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Background to London Whale at JPMorgan
The London Whale was a term developed to refer to Bruno Iksil who worked for JPMorgan. Bruno Iksil headed the credit department in in the United Kingdom by 2012. Under his leadership, JPMorgan lost over $5.8 billion in July 2012. Though the company leadership initially dismissed the claim as alarmist, it later emerged that the company had lost a significant amount of money. The Credit Default Swap (CDS) in the United Kingdom witnessed significant manipulation by aggressive traders. This abnormality was noticed by Boaz Weinstein who believed that the behavior of the financial market was over exaggerated. This unusual market behavior was traced to the investment behaviors of Iksil who was heading the credit department at the JPMorgan Company (Cecchetti and Kermit, 213).
Most traders made opposing bets against JPMorgan and affiliated banks in the United Kingdom. These bets and other derivatives were priced highly and this increased the risks that the company was facing. Instead of addressing this irregularity, the management of the bank rubbished the allegations. As a result, the company reported a loss of $2 billion in May of 2012, a value that rose to $5.8 billion by July of the same year. According to unconfirmed sources from the company, JPMorgan lost over $7 billion from the London Whale scandal. This disclosure failed to provide the exact dealings that the bank was engaged in during this period. As a result, the company faced significant disruption beyond May of 2012.
Trading strategy adopted by London Whale
During the London Whale, Bruno accumulated giant bets on the United States corporate bonds. Different derivatives were used to accumulate these bets and this contributed to the major losses that JPMorgan registered. Bruno was managing the credit unit of JPMorgan and enjoyed significant support and influence within the credit industry. This allowed him to accumulate giant bets and invite other companies to counter bet as a way of increasing its value. The giant bets placed by Bruno were not illegal as the company had full knowledge and supported them.
Damien Demon, the chief executive officer of JPMorgan was aware of the giant derivative-based bets placed on corporate bonds. Corporate bond bets has been part of the company’s hedging policy and has enabled the company to operate as an insurance agency. Under this operation, the company places bet of different values and develop various approaches of protecting it from an imminent loss. The company accumulated large bets known as the credit default swap, a tool that was previously blamed for the financial fiasco of 2008. In the case of Bruno, the company experienced massive defaults and this caused a number of movements within the financial markets (Kregel, 16).
As a result, other hedge funds made counter bets in anticipation of JPMorgan’s loss. Bets placed by Bruno were in the public domain following a publication that was carried by the Bloomberg in April of the same year. According to Merrill Lynch of the Bank of America, Bruno’s bets attracted significant attention within the financial market. As a result, a number of companies placed counter bets, believing that his optimism faced an imminent crash. JPMorgan stopped the bet when it was obvious that the company was facing significant losses. The company filed the losses in its report submitted to the Security Exchange Commission in 2012 (Cecchetti and Kermit, 213).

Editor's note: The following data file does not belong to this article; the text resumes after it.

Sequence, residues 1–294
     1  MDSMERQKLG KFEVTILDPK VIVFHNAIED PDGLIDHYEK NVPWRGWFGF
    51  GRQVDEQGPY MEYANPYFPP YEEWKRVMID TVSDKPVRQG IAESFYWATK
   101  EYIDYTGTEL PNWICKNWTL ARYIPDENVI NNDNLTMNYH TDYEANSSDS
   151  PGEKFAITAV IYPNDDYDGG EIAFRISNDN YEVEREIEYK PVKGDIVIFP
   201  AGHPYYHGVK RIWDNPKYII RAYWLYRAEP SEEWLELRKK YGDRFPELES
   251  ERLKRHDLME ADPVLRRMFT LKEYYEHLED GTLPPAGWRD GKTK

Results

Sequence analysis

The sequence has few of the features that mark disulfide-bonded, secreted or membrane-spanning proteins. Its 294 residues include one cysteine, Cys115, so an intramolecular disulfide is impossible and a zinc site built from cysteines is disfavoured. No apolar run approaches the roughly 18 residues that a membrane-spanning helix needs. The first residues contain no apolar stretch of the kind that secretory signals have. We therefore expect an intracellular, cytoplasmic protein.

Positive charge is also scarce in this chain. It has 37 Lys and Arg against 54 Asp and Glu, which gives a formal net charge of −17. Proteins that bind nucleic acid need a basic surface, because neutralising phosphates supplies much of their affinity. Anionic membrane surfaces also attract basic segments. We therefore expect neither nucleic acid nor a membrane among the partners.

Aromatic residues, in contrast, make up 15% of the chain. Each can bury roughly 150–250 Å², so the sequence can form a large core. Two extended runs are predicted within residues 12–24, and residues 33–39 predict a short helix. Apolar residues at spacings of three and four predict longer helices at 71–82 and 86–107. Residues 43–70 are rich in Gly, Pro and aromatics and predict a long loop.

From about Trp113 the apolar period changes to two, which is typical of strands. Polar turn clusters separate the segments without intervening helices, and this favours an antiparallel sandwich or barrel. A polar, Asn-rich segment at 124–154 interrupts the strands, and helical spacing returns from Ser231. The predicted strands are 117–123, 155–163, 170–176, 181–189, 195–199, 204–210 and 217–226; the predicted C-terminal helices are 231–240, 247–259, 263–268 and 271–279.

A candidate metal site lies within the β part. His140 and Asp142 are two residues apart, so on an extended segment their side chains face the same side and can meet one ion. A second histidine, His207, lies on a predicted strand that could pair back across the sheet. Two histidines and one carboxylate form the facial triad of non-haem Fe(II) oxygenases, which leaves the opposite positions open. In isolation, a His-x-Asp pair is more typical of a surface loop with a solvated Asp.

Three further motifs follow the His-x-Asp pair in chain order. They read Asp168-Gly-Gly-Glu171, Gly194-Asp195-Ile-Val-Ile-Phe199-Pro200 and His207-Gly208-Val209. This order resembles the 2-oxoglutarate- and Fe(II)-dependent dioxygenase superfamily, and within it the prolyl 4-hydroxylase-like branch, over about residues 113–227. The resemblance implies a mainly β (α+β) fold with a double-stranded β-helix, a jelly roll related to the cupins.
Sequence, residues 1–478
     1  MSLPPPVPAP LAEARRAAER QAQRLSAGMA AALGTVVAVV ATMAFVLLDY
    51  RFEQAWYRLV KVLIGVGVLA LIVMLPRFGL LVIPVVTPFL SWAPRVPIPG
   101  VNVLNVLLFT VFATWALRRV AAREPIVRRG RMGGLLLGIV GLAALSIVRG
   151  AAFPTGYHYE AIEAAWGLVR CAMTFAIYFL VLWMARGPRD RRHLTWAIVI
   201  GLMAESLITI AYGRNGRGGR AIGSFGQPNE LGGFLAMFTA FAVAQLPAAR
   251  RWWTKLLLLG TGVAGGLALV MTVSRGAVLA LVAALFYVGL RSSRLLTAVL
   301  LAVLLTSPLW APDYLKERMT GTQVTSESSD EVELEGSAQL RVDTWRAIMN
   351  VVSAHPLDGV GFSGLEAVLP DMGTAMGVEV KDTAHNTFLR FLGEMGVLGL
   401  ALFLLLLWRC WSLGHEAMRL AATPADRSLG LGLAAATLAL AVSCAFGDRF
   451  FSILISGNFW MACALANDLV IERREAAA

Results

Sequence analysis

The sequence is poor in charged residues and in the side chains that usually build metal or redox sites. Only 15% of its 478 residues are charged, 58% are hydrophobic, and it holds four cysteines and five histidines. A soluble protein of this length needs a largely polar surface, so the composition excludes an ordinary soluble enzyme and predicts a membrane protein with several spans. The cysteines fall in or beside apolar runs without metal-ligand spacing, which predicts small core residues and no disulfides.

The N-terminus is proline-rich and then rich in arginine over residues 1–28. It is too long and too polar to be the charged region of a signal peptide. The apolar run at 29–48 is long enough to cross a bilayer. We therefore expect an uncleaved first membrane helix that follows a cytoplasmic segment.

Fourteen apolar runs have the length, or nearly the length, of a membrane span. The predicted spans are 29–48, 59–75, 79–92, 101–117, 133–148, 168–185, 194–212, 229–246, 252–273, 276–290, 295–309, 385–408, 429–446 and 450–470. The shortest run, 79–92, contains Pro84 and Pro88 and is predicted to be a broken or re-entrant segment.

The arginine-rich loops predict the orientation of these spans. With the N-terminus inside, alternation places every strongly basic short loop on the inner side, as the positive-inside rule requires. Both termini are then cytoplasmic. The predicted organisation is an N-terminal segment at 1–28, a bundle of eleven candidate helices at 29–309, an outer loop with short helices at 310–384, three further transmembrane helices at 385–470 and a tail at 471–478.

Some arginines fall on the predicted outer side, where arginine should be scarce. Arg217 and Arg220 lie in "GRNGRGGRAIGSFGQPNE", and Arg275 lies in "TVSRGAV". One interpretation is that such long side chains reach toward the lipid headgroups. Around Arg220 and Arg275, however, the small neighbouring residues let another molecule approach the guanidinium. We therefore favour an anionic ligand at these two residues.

Why the London Whale strategy fail
In April 2012, JPMorgan made a speculative investment at the CDS in which it bought a high yield bond. This step was made in anticipation of a fall in the value of the high yield bonds in the financial markets. Credit default swaps are risky financial tools that can lead to either high returns or massive losses. Due to the impressive performance of the economy at this time, trades counter betted JPMorgan, further increasing the risks faced by the CDS. Bruno realized that the first option was facing an imminent failure and therefore opted for a second option. The second alternative was used to hedge the first CDS investment (Cecchetti and Kermit, 213).
According to Bruno, the economy was performing positively and this warranted the provision of investment grade bonds. However, Bruno’s estimation of the market’s performance was miscalculated and this contributed to the loss that JPMorgan experienced. When Bruno realized that the second option was facing a rough market terrain, he adopted a third option. However, the risk basis for option three has remained unknown though it failed the company from the spiraling losses (Kregel, 16).
According to the financial report released by the company, the actions of Bruno were ineffective and his recklessness investment patterns exposed the company to losses. The behavior of Bruno affected the image of the company and lead to fine imposition. For example, the United States and United Kingdom regulatory authorities have issued a fine notice to the company. The United States has also launched criminal investigation against the company and placed it under the discipleship of the United States Commodity Future Trading Commissions.
Cecchetti, Giovanni, and Kermit, Schoenholtz. Money, Banking, and Financial Markets. 4th ed. New York: McGraw-Hill Education, 2006. Print.
Kregel, Jan. More Swimming Lessons from the London Whale. New York: Levy Economics Institute, 2013. Print.